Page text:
smartingly, adverb
smartly, adverb
smartness, noun
supersmart, adjective
supersmartly, adverb
supersmartness, noun
ultrasmart, adjective
unsmart, adjective
unsmarting, adjective

1. pain, hurt, sting. 7. lively, nimble, agile, alert, active. 8. bright, sharp, expert, adroit. 9. cunning, adept. 11. spruce; pretentious, showy. 12. chic. 14. energetic. 16. stinging, poignant, penetrating.

8. stupid. Unabridged
Based on the Random House Dictionary, © Random House, Inc. 2014.
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World English Dictionary
smart (smɑːt)
1.  astute, as in business; clever or bright
2.  quick, witty, and often impertinent in speech: a smart talker
3.  fashionable; chic: a smart hotel
4.  well-kept; neat
5.  causing a sharp stinging pain
6.  vigorous or brisk
7.  dialect considerable or numerous: a smart price
8.  (of systems) operating as if by human intelligence by using automatic computer control
9.  (of a projectile or bomb) containing a device that allows it to be guided to its target
10.  to feel, cause, or be the source of a sharp stinging physical pain or keen mental distress: a nettle sting smarts; he smarted under their abuse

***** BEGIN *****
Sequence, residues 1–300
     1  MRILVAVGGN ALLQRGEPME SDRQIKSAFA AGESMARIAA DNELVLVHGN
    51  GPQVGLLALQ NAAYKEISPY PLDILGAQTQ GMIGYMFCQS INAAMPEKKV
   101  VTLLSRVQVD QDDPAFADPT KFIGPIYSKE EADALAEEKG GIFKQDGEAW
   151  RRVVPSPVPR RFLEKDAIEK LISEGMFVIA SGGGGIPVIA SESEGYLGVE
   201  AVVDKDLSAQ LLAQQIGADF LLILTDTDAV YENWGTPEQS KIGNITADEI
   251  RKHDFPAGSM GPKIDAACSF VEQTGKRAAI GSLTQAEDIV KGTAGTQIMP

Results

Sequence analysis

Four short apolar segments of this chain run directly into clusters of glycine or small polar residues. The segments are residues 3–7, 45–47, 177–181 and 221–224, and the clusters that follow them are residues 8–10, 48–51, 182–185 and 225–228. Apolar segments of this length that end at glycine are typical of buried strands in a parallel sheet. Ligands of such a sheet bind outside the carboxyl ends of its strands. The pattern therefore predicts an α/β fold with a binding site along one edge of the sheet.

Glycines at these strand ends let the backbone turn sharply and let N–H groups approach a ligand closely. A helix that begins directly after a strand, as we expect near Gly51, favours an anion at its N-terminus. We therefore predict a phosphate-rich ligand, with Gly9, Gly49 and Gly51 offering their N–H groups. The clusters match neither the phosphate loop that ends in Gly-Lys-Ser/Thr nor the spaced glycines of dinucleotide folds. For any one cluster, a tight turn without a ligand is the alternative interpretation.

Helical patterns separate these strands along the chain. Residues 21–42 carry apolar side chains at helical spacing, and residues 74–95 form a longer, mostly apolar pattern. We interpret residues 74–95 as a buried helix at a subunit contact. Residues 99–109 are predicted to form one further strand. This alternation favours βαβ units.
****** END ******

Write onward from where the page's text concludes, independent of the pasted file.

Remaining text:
11.  (often foll by for) to suffer a harsh penalty
12.  a stinging pain or feeling
13.  in a smart manner
[Old English smeortan; related to Old High German smerzan, Latin mordēre to bite, Greek smerdnos terrible]

Smart (smɑːt)
Christopher. 1722--71, British poet, author of A Song to David (1763) and Jubilate Agno (written 1758--63, published 1939). He was confined (1756--63) for religious mania and died in a debtors' prison

Collins English Dictionary - Complete & Unabridged 10th Edition
2009 © William Collins Sons & Co. Ltd. 1979, 1986 © HarperCollins
Publishers 1998, 2000, 2003, 2005, 2006, 2007, 2009
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Word Origin & History

O.E. smeortan "be painful," from W.Gmc. *smert- (cf. M.Du. smerten, Du. smarten, O.H.G. smerzan, Ger. schmerzen "to pain," originally "to bite"), from PIE base *(s)merd-, from base *(s)mer- "to rub, pound" (cf. Gk. smerdnos "terrible, dreadful," Skt. mardayati "grinds, rubs, crushes," L. mordere to bite").